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Lecture

PSY274H5 Lecture Notes - British Sign Language, French Sign Language, Spoken Language


Department
Psychology
Course Code
PSY274H5
Professor
Craig Chambers

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270 – Human Communications
Sign Language
Icon, index and symbol are all signs.
Sign is used in different ways.
Linguistic communication
1. Vocal-auditory channel
2. Manual-visual channel (communicating using
hands)
All cultures use spoken language.
What are the situations that make the vocal auditory
channel dominant?
Many evolutionary theorists argue that it is the
manual visual channel that should be dominant. The
‘Academy Francaise prohibited any discussion of this
stupid because it was so unscientific and speculative.
A wolf howling etc was the origin of language. People
said humans were imitating the sounds of the
environment.
We see so many cases in the animal kingdom where
animals communicated through a visual manner. Was
this what got linguistic communication on its way?
Imagine gestural behavior was the origin of language.
What would have driven the auditory channel?
1. Maybe it’s different with the manual system to
communicate things.
2. Sometimes you could spend the entire day in

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darkness depending on where you are so the
visual channel becomes useless.
3. What things are you doing simultaneously while
trying to communicate? Like hunting etc.
4. It might be faster to use the vocal auditory
channel.
5. Communicating information might be more
effective through the auditory channel.
6. The person may not be visible so you might need
to ‘voice’ it out.
7. Vocalization is a better strategy in terms of
danger to get someone’s attention.
The relative arrangement of the vocal cords, the
windpipe and the food pipe in humans create a
potential for choking. In non-human primates, the
vocal apparatus is arranged in such a way that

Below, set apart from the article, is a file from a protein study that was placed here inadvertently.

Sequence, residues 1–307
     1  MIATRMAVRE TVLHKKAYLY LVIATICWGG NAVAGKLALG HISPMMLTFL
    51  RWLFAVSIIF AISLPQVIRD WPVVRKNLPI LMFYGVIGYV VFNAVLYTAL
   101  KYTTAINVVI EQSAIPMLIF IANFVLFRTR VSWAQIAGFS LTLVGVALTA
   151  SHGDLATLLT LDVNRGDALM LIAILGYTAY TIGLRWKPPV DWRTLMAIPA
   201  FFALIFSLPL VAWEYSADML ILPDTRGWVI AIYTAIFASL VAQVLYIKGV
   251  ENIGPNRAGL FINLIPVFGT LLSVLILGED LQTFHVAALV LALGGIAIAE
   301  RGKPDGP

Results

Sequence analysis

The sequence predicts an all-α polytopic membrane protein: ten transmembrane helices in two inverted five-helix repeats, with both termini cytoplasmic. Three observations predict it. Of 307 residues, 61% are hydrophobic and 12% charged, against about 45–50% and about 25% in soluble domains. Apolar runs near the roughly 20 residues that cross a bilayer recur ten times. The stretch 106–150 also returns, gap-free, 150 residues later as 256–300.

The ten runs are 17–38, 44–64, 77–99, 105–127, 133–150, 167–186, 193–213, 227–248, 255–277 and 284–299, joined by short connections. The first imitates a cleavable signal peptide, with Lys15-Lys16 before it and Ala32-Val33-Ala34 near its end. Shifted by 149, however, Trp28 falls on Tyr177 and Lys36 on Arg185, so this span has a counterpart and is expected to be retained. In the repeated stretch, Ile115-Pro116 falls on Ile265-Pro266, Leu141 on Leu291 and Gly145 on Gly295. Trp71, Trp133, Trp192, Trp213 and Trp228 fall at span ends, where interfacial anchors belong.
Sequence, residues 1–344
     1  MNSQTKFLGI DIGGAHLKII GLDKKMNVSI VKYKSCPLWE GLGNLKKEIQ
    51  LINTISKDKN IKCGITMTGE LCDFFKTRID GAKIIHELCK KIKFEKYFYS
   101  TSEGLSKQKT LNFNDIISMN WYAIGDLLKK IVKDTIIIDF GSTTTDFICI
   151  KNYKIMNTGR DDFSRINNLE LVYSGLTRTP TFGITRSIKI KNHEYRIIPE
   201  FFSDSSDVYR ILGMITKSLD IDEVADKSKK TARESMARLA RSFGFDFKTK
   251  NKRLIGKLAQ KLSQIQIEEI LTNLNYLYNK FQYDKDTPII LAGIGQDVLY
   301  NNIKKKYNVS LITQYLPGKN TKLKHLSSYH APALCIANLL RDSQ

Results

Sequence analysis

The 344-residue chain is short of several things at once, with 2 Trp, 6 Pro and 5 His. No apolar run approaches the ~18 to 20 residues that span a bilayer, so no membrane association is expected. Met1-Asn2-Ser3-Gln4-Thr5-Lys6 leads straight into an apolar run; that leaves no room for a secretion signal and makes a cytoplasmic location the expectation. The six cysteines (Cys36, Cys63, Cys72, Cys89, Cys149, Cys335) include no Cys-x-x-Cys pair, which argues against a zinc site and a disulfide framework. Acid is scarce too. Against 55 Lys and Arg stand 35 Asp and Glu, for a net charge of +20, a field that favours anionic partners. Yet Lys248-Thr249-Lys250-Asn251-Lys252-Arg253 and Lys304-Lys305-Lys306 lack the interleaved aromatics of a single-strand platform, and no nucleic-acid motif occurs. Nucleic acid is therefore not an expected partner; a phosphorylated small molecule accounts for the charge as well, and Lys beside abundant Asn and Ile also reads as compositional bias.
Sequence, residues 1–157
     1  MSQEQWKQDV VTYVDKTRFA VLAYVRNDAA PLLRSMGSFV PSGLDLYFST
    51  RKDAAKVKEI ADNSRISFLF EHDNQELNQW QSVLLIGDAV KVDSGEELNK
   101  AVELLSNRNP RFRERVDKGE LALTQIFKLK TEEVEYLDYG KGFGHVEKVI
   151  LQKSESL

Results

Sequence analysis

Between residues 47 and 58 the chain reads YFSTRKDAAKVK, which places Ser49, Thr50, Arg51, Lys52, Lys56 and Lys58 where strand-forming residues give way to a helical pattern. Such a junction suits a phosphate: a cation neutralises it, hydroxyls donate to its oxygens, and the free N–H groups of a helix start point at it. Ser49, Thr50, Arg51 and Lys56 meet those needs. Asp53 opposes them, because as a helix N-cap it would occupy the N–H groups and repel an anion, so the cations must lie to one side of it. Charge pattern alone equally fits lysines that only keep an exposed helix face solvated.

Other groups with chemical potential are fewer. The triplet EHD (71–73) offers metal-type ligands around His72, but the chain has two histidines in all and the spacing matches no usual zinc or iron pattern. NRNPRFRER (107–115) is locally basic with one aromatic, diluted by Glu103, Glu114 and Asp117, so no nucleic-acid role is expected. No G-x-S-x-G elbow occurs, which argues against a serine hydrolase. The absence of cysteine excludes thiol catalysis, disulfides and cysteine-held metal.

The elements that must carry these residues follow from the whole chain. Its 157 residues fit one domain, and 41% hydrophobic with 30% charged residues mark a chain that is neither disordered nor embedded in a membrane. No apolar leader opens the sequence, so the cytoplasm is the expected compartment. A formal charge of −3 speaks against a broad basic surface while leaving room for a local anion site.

they can’t choke.
The deer has a vocal apparatus similar to
humans.
How deep does this dominance of the auditory
modality go?
Are we pre-wired to use this format of
communication?
DO all humans possess some predisposition to
use the manual-visual modality?
Even if humans had the capacity to use this
modality, by the time they’re adults, they’d be
used to using the auditory modality.

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Best strategy is to look at young children, ones
that are in the one-word stage.
Namy & Waxman used young children from the
ages of 18 and 24 month old. To what degree did
the children accept unfamiliar word versus an
arbitrary gesture referring to something?
Did the child attach this sound pattern to this
object? How likely are they pick the right object?
How did it work in the gesture condition?
The gesture is embedded in the utterance.
Instead of saying ‘dax’, he just motions it out,
puts his palm down etc.
**In the case of the 18-month year olds, they
were happy to have the spoken word or the
gesture.
**In the case of the 24-month year olds, they
didn’t like using the gesture or mapping the
gestures to the object. They weren’t inclined.
They needed an incentive to do so.
Does the gesture work in the same way as the
spoken word? Can the effect be obtained with
other kinds of perceptual patterns?
Do all humans possess the predisposition to use
the manual-visual modality?
1. Greater sensitivity in early childhood
2. Gesture accompanying speech
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